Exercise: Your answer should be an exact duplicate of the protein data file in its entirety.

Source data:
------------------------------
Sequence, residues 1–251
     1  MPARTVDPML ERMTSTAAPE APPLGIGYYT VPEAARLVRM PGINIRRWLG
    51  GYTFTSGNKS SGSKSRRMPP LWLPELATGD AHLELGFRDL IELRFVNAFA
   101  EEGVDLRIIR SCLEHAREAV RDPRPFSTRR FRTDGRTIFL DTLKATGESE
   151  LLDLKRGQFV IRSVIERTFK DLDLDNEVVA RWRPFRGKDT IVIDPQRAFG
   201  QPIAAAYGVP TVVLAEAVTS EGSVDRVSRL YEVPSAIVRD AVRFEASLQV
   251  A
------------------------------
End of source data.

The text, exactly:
Sequence, residues 1–251
     1  MPARTVDPML ERMTSTAAPE APPLGIGYYT VPEAARLVRM PGINIRRWLG
    51  GYTFTSGNKS SGSKSRRMPP LWLPELATGD AHLELGFRDL IELRFVNAFA
   101  EEGVDLRIIR SCLEHAREAV RDPRPFSTRR FRTDGRTIFL DTLKATGESE
   151  LLDLKRGQFV IRSVIERTFK DLDLDNEVVA RWRPFRGKDT IVIDPQRAFG
   201  QPIAAAYGVP TVVLAEAVTS EGSVDRVSRL YEVPSAIVRD AVRFEASLQV
   251  A